French studio Christian Pottgiesser architecturespossibles has designed Maison L, a very unique residence for a six-person family, and was kind enough to send us some photos of the project.
Located half an hour’s drive west of Paris, the 9,360 square-foot residence sits on a roughly 54,000 square foot plot of old trees.
Maison L, an Amazing Concrete House near Paris by Christian Pottgiesser:
“Less than half an hour’s drive west from Paris city center is located the site of roughly 5000 m2. The rather flat ground slightly tilts to the north, just before the general topography drops abruptly to the river Seine. A gain of only a few meters of altitude would be sufficient to permit an ample view of the Parisian outskirts. The whole original setup resembles more a clearing in a forest.
The surrounding vegetation, mainly consisting of old trees, does not allow a view beyond the dense periphery. In the northern part of the plot one finds today an orangery of the late 18th Century, inhabited by a six person family.
This building was intended to be enlarged by outsourcing the private areas of the family members into an extension, while reception, office and service areas remain in the former building. The spacious grounds had to be left untouched as far as possible, thus, only the north-western part near the boundary had to be the guideline for the main position of any new construction, which ultimately led to an “L”-shaped general plan.
The provisionally installed internals in the existing building of the nineteenseventies, meant for optimizing the use of square meters, will be dismantled. By this, the former seven-meter high ceilings of the original orangery volume becomes apparent again. Local specific site requirements allow only one single building with a gabled or hipped roof. Therefore only an annexe type of building is possible. Furthermore the maximum height of a construction is restricted to eight meters.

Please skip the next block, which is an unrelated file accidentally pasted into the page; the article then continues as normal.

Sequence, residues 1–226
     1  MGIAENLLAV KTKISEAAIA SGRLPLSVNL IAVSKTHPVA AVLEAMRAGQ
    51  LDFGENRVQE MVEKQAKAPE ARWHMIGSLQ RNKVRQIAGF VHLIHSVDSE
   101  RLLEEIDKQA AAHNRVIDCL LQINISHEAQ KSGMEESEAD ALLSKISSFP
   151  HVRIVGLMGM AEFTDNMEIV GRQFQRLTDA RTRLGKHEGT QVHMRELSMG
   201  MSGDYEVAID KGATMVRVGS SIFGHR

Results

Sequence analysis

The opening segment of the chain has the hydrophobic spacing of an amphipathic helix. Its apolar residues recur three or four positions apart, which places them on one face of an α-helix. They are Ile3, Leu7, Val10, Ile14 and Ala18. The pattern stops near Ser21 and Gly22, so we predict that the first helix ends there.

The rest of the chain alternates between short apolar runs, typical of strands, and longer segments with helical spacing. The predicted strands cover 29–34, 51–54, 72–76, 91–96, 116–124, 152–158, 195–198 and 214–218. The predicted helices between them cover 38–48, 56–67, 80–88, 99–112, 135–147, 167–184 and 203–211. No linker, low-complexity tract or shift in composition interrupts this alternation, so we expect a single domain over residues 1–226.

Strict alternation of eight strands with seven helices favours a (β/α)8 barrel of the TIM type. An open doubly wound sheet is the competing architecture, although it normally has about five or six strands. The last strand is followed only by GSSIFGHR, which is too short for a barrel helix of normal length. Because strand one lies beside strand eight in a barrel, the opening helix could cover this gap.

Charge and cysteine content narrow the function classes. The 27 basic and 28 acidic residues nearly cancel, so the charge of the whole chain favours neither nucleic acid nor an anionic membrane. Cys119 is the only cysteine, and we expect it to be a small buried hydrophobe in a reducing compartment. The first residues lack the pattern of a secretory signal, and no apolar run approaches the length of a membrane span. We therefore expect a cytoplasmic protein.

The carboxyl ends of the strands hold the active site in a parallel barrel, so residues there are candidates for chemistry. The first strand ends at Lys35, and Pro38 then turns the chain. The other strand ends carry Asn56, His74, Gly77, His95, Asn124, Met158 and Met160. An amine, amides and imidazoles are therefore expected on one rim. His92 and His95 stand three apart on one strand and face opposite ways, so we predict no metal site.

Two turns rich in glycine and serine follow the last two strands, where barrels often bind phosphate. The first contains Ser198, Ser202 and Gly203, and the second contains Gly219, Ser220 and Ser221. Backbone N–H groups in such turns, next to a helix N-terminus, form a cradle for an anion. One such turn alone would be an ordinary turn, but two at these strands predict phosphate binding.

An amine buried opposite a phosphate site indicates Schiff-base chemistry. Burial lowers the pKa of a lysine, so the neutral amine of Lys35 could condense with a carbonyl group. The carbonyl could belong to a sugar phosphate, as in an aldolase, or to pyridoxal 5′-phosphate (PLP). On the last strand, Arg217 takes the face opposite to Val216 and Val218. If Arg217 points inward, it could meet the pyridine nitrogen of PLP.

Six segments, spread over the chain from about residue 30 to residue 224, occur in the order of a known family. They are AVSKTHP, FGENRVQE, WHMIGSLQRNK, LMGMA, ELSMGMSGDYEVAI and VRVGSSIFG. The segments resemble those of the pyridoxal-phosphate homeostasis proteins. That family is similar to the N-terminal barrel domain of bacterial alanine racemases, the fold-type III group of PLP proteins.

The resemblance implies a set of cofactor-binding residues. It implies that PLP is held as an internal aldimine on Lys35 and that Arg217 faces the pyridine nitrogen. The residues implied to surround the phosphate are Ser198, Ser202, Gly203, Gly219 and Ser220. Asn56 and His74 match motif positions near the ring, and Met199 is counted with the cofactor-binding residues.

Without a specific geometry the roughly 50m long ground floor of the extension opens up from the north-western side of the orangery. Due to the stringent height limitations, the ground floor remains up to two meters below the original ground level. The whole flank of the building towards the boundary of the plot is covered with soil which is continued on top of the 7% inclined roof. On the opposite side, along the south-eastern facade emerges a complex topography between the house and its landscape. Carved towards every entrance in the glazing the river-bed-shaped, undulating terrain distorts to ensure an efficient access and exit.
The private sector, shared by the six inhabitants – four children and two parents – is fragmented into four different elements. Each commands a certain part of the ground floor which gradually develops into a more and more private zone, without doors, communicating with the other family members.
The local building code allows however, in exceptional cases flat roofs, as long as they do not exceed 25m2 each. Thus five three-storied tower-like volumes were implemented, stamping through the garden roof. Glazings around each “tower” provide natural lighting and an intriguing succession of perspectives between above and below, inside and outside. In each private tower are located at the ground level, a dressing room and storage space, the mezzanine, a bathroom and, finally, in the second floor, a bedroom. The slightly bigger tower for the parents has a rooftop garden from where one has a clear view to “La Défense”, the business district of the modern Paris with its sky scrapers.
Photos by: George Dupin, Pascale Thomas